Pat Martino – Live at Yoshi’s

Pat Martino Pat Martino
(Blue Note – 2001)
by John Barrett

After 40 years in show business, Pat Martino returns to the organ trio, the format where he first made his name in jazz. (He’s played with the best: McDuff, Earland, Groove Holmes, and the wonderful Trudy Pitts.) “Oleo” skips along; the theme’s slightly altered but the mood is right there. Martino is fast as usual, giving the notes a sweet ring; where his version on 1970’s Desperado was tart, this one is sunny, like his tone on El Hombre.

Speaking of that album, here’s the title track: Joey DeFrancesco starts softly, avoiding the heavy chords of the original. Martino is strong, swirling fast over Billy Hart’s thunder. DeFrancesco stays gentle, and quieter than is normal for him. Come his solo, he starts percussive (like McDuff or Jimmy Smith) and then he screams, uproariously. “Mac Tough” finds Pat deep and lowdown, twanging like a funky bass. Hart covers him in cymbals, a soft explosion while the strings begin to boil. This is old-style ‘Sixties “people music” … and this people likes it a lot.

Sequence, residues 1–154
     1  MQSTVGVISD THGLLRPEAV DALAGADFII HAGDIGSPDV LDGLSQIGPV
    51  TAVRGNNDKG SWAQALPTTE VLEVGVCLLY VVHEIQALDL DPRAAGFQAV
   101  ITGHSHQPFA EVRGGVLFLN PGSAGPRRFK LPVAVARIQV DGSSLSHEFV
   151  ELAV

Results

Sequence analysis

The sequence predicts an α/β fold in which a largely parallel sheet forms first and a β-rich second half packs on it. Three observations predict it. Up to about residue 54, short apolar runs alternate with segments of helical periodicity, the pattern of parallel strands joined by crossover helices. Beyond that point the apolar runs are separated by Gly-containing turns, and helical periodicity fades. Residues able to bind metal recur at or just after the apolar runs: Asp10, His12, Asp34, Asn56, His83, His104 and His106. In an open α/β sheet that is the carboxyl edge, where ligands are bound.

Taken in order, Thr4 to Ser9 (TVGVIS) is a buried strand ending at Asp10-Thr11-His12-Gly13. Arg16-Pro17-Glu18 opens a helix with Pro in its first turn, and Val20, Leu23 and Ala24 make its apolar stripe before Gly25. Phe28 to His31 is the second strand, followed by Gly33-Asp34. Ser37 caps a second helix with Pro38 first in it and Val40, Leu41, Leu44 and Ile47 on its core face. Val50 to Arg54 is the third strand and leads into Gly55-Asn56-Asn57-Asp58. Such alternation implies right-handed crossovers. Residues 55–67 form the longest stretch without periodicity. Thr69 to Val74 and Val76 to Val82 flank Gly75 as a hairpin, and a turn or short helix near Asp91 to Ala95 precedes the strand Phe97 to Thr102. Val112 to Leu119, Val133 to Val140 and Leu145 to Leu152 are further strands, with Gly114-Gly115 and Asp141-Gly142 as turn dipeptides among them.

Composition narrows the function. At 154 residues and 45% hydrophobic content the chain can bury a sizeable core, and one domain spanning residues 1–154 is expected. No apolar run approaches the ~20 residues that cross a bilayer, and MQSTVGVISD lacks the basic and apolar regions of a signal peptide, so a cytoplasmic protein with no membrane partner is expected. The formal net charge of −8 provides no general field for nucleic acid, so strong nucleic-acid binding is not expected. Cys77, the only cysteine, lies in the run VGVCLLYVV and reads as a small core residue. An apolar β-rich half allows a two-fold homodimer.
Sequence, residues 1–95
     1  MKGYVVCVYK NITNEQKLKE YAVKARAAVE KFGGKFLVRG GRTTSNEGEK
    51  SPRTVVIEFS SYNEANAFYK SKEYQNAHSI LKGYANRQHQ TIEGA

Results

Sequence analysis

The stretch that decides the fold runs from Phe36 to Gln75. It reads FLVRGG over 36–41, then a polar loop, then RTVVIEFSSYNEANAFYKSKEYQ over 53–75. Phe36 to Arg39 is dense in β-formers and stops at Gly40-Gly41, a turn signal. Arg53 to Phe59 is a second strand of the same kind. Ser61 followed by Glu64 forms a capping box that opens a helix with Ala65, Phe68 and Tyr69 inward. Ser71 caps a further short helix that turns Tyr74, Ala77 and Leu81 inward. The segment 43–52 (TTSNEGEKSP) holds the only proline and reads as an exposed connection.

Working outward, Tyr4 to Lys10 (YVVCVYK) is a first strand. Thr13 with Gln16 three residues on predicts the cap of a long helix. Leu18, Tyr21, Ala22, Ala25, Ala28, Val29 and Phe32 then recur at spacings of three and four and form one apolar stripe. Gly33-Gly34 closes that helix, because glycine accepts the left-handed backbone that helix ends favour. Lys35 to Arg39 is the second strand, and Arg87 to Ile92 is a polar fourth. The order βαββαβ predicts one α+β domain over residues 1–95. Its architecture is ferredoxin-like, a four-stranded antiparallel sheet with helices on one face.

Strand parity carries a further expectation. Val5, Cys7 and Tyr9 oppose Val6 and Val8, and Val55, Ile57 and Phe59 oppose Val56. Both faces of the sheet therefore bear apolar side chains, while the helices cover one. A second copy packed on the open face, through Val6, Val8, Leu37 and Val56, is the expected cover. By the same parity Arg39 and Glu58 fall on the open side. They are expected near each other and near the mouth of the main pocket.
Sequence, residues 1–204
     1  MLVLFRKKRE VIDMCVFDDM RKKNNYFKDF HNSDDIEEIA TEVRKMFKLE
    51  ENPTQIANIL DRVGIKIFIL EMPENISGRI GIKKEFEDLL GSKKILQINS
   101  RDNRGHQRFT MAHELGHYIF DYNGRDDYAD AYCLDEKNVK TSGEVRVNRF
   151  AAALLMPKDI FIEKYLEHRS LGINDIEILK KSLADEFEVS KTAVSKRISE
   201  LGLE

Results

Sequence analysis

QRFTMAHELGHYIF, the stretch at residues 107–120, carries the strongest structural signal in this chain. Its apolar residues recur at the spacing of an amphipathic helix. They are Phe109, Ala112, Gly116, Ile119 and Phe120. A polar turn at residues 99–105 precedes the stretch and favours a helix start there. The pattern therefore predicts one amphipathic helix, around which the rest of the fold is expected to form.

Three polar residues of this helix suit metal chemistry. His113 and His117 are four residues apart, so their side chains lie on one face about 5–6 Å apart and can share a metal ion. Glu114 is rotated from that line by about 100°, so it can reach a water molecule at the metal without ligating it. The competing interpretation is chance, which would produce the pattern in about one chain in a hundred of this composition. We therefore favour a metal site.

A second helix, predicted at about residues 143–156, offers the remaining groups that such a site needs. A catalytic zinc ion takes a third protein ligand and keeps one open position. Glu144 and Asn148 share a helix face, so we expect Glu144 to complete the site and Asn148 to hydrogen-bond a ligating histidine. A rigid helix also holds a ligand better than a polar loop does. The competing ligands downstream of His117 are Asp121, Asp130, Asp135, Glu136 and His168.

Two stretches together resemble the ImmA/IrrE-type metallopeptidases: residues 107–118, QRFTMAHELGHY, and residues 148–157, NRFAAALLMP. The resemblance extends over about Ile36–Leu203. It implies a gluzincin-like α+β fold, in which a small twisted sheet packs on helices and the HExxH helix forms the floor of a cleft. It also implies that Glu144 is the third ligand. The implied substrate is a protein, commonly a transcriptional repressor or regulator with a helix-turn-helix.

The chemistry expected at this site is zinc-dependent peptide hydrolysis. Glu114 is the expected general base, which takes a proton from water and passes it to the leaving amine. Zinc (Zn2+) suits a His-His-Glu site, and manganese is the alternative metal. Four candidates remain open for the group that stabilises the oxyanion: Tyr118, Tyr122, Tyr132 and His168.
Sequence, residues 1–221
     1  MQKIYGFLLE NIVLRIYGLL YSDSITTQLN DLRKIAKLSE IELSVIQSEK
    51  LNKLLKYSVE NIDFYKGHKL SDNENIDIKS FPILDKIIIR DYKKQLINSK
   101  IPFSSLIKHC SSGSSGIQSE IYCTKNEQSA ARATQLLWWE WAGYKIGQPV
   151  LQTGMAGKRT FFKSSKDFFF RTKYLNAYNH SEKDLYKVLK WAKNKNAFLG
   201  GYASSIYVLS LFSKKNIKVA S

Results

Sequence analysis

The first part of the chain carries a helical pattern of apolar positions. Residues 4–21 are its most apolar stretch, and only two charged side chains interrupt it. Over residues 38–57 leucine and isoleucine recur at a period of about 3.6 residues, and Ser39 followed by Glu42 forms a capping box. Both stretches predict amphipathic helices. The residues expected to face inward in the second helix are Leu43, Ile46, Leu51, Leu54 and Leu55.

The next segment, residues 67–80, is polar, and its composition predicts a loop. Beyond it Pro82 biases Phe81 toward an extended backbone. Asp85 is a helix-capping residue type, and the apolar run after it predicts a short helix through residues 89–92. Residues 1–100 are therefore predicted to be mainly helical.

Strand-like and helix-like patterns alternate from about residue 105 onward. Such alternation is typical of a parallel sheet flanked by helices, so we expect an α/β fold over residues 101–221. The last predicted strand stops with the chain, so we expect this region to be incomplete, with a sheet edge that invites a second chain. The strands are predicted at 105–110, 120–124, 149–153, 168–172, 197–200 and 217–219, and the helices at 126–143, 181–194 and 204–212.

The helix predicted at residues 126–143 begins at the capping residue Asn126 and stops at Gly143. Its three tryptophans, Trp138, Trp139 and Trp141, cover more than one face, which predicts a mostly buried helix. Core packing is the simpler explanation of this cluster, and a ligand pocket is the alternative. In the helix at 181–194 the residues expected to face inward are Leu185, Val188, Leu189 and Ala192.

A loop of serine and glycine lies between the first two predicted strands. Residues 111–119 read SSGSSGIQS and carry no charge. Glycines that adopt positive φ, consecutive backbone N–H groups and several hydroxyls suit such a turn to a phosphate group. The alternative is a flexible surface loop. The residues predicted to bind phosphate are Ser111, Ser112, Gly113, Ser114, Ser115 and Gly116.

DeFrancesco is first on “You’re Welcome to a Prayer”, playing a cold lonely blues. Hart stirs a little rain, and in comes Martino: hopeful, contemplative, and sweet. His tone is seldom this pure, his steps so relaxed; Joey responds with some church chords. (“Blue in Green” has the same mood, though sadder.) The guitar buzzes through “Recollection” (Pat hops up and down the scale – perhaps his strongest solo) and “Catch” ends the session with a taste of hard bop. Martino stabs, Hart slashes, and Joey dots a few chords in the background – a simple approach, but it works. It’s been a while since I’ve heard an organ trio of such power – you’ll love it.